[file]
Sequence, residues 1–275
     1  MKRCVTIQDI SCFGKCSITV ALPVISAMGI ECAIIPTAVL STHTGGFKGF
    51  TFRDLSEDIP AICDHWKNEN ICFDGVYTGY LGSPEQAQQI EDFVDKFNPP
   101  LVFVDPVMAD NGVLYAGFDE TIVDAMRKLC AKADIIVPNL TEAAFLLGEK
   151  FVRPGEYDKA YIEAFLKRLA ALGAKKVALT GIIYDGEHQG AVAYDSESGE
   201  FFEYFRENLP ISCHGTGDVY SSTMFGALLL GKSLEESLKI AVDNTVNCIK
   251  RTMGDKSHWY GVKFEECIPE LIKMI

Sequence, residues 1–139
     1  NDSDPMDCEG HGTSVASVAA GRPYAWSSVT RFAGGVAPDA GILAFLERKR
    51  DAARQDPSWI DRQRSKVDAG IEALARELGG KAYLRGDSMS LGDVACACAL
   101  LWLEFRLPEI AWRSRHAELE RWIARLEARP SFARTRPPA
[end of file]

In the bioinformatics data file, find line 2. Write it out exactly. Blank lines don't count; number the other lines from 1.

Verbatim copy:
     1  MKRCVTIQDI SCFGKCSITV ALPVISAMGI ECAIIPTAVL STHTGGFKGF